War of the Rebellion: Serial 072 Page 0519 Chapter L. REPORTS, ETC.-ARMY OF THE CUMBERLAND.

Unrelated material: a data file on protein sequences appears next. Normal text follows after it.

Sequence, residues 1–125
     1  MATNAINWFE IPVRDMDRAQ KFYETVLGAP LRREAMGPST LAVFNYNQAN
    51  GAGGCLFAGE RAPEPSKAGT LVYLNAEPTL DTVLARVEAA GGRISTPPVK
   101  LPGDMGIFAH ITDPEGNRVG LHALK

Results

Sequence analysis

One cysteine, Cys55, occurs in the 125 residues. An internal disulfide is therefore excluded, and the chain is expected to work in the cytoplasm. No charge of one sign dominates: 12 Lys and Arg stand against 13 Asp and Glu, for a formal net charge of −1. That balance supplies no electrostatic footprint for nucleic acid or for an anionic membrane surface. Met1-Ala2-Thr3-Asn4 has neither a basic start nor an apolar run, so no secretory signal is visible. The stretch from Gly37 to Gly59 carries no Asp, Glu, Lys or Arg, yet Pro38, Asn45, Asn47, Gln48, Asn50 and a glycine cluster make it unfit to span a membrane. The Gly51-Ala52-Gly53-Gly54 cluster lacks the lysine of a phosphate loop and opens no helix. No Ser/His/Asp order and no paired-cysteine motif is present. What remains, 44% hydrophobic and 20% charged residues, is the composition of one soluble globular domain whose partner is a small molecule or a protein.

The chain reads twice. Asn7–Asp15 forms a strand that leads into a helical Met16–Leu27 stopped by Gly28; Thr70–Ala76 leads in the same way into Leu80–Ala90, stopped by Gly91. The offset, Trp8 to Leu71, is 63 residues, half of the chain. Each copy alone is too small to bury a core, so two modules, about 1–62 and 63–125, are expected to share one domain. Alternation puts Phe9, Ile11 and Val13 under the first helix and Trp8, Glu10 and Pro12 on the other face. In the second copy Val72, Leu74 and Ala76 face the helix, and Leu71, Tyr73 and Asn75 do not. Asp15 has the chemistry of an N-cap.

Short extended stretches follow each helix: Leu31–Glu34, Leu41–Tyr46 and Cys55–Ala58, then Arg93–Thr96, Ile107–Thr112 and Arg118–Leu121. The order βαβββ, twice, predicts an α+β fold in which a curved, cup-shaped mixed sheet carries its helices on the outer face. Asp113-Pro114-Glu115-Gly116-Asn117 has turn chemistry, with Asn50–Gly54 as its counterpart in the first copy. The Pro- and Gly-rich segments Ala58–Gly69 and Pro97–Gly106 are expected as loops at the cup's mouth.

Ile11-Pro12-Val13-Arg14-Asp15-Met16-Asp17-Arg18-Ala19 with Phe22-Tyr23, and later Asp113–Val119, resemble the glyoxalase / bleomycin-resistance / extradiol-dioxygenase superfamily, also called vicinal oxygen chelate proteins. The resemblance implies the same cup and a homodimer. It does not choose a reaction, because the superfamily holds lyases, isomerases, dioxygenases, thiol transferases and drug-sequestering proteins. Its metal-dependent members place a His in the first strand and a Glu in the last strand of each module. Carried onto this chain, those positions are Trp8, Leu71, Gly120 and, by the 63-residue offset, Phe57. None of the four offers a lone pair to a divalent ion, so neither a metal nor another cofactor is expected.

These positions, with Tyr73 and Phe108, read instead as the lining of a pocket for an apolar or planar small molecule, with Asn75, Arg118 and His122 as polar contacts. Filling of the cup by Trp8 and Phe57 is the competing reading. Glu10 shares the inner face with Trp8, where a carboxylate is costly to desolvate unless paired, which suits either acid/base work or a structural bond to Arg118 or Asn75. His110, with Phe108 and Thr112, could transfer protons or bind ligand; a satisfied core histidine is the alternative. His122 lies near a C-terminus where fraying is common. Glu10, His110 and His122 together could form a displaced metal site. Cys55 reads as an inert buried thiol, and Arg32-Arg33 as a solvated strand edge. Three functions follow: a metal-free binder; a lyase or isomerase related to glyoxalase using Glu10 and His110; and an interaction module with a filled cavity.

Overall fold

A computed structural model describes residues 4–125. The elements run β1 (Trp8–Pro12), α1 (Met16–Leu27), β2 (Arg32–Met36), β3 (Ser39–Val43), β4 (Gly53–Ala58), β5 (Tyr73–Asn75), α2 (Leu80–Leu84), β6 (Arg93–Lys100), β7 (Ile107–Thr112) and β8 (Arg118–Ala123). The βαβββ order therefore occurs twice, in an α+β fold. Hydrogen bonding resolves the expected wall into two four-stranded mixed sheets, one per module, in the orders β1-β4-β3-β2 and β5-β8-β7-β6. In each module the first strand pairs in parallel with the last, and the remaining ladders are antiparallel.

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General Davis having driven the enemy out of Tunnel Hill and within their works at Buzzard Roost Pass, I advanced my line, swinging to the left to conform to the movement of Davis' troops, and again formed line of battle as before, upon his right, my right brigade covering the Trickum road, near Widow Rogers' house. In this position my troops bivouacked for the night, strong pickets being thrown out to a considerable distance on all the roads in the direction of Trickum and Villanow. The 8th was occupied in maneuvering in front of Buzzard Roost, my final position big with my left resting near the high knob, known to us as Signal Hill, and my line stretching southwardly, so as to command and practically close up all roads leading out of Buzzard Roost Gap to the west and southwest. Toward evening I caused a section to be placed in position on the ridge which terminated the open field to the westward of the gap, and opened upon a line of the enemy's works beyond the pass. This, with the advance of part of General Davis' division and part of Wood's brigade, of Butterfield's division, tot he ridge beyond the field, developed two batteries of determined strength, one upon the point of Chattoogata Mountain, to our right, the other in the rear of the pass, to our left, evidently in the enemy's main line. Early on the morning of the 9th I advanced Carlin's brigade across Mill Creek to relieve some of the regiments of Wood's brigade, which had been thrown in there on the evening previous, and was occupying the ground at the base of Chattoogata Mountain. About 11 a. m. I was, by direction of Major-General Palmer (he having gone to his headquarters in the rear sick), at department headquarters, to receive instructions, and heard it reported to Major-General Thomas, by an officer of General Wood's staff, that the troops of that command had felt all along Chattoogata; that they found but a small force there, and that in the judgment of this officer, it would not be difficult to carry the crest of the mountain by assault. To verify the report of this officer, I was instructed to advance Carlin's brigade, so as, if possible, to clear the mountain to its top, supporting him with another brigade; this was accordingly done. Carlin, with a strong but well-extended skirmish line, seized the long, isolated ridge, which, lying south of the railroad, almost closes up the westerly mouth of the gap, and swept the mountain of the enemy's skirmishers clear to the foot of the abrupt palisade which crowns the slope. In the hope that some path might be found at which we could force our way, relying confidently on the tried troops of Carlin's brigade, to advance wherever footing could be found, I ordered my reserve brigade (General King's) across Mill Creek, to within close supporting distance. A careful reconnaissance by General Carlin all along his line, and to a considerable distance below his right, disclosed no practicable footway to the crest of the ridge. An attempt to jump round the nose of the mountain, so as to ascend from the reverse side, which was supposed to be less abrupt, developed a heavy force of infantry and artillery, strongly intrenched, in our front, upon the line by which we must at first advance, and so posted as to enfilade us wherever we should wheel to ascend the mountain. To have assaulted this position would have brought my command within the fire of nearly the whole of the enemy's artillery, and that of perhaps a superior force of infantry, without the possibility of receiving adequate support. To attempt to carry the mountain without first clearing this position would have been hopeless; accordingly, after a stubborn and well-pressed attack, by a strong line of skirmishers from some of Carlin's and Scribner's regiments, had